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EE and Motorola confirmed as ESN suppliers by Home Office

EE and Motorola have been formally selected to provide a resilient national 4G network for the UK’s ambulance, fire and police services

Mobile network operator (MNO) EE and mobile services supplier Motorola Solutions have been confirmed as the winning bidders to provide the UK’s emergency services with a resilient, national 4G long term evolution (LTE) mobile network, replacing the existing private terrestrial trunked radio (Tetra) system.

The award of the contracts to supply Lots 2 and 3 of the Emergency Services Mobile Communications Programme (ESMCP) was something of a formality. EE had been the only bidder on Lot 3 since O2 dropped out of the running over the summer of 2015, saying that uncertainty over its future meant it could not deliver the best possible bid. HP’s withdrawal from Lot 2 left Motorola as the only supplier in the running to deliver the user services systems integration, management and support contract.

Lot 1, covering programme management services for cross-lot integration in transition, vehicle installation design and assurance, training support services and delivery support during the implementation of the ESN, was awarded to Kellogg, Brown and Root (KBR) in August 2015.

ESN will cover 30,000 users in the blue light sector, enabling many services to benefit from 4G voice and data services for the first time.

However, the wider ESMCP procurement process has been a source of much controversy for more than a year. The Home Office was heavily criticised for ditching the Tetra system in favour of comparatively untested 4G LTE technology, and was accused of putting lives at risk should the new network not come up to scratch.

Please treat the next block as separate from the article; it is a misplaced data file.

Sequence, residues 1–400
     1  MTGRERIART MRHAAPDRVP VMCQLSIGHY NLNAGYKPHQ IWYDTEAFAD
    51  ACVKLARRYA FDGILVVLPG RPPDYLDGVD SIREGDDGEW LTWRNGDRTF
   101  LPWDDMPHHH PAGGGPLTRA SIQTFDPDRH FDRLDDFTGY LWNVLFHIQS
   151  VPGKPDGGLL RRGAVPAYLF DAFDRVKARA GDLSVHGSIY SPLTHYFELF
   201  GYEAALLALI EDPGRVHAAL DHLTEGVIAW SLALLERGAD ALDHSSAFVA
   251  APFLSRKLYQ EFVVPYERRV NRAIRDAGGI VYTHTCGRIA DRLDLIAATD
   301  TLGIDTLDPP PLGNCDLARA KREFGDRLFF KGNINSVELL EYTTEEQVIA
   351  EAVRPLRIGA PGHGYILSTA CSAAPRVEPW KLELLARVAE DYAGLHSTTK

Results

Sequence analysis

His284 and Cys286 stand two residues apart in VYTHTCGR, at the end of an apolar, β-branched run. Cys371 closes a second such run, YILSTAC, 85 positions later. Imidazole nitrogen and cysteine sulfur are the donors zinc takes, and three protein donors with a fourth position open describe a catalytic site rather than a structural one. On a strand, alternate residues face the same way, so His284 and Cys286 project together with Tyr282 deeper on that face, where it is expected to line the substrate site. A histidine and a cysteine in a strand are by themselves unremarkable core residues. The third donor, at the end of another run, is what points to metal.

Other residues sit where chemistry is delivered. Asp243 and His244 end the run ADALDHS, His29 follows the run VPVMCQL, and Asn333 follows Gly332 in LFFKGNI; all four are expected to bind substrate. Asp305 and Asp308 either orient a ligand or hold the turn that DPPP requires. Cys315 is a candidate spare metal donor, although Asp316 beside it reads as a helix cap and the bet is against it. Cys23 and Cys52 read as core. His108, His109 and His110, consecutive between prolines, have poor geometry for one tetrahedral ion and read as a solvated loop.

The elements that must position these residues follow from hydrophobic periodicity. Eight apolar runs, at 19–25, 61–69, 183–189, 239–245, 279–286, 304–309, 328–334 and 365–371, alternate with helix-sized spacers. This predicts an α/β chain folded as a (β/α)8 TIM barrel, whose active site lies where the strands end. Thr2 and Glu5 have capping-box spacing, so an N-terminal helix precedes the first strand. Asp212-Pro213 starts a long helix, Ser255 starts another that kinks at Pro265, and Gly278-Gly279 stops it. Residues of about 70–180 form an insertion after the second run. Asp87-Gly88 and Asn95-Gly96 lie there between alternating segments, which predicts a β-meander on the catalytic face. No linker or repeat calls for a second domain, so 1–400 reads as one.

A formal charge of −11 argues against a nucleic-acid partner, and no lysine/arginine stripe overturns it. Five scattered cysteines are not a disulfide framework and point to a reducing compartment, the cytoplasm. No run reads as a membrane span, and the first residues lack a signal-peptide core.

Incumbent operator Airwave – which was dropped from the process in February 2015 – has taken the Home Office to court over the procurement of Lot 3. It claims that it was not given equal treatment under the relevant procurement laws, although it has subsequently U-turned on part of its injunction, which caused the overall proves to be temporarily suspended.

An EE spokesperson declined to comment on the ongoing court case at the time of writing.

Expanded, resilient network

The phased transition away from the current Tetra network will begin on schedule in mid-2017, with EE undertaking to build more than 500 cellular sites and deploy a resilient network core to guarantee the service.

To cover services operating in remoter parts of the UK, EE will exploit low-frequency 800MHz spectrum at around 3,800 sites to enhance rural and indoor coverage and implement satellite backhaul services.

Because the ESN will be shared with, yet segregated from, the general public, EE consumer and business customers will also benefit from wider coverage and enhanced reliability as a side effect.

EE said it would increase its previously announced £1.5bn network spend commitment to deliver the ESN.

“We are immensely proud to be selected to deliver this vital network for Britain’s emergency services. We’ve worked closely with the police and ambulance crews to show the power of 4G in helping save time and save lives,” said EE CEO Olaf Swantee.

“We will work tirelessly to deliver a highly resilient, truly nationwide 4G network to serve all of Britain’s blue light and first responder teams across the UK.”

Home Office minister Mike Penning added: “Following the government’s £1bn commitment in the spending review, I am delighted to announce the major achievement in providing the emergency services with a modernised communications network that is able to protect the public and save lives.

“ESN will not only provide this capability to the three emergency services, but more than 300 other public safety organisations that rely on this ability everyday.

“We have carefully evaluated each bidder’s skills and expertise against requirements that were set by the emergency services themselves and we are confident the successful bidders will provide the world-class communications network our services deserve.”

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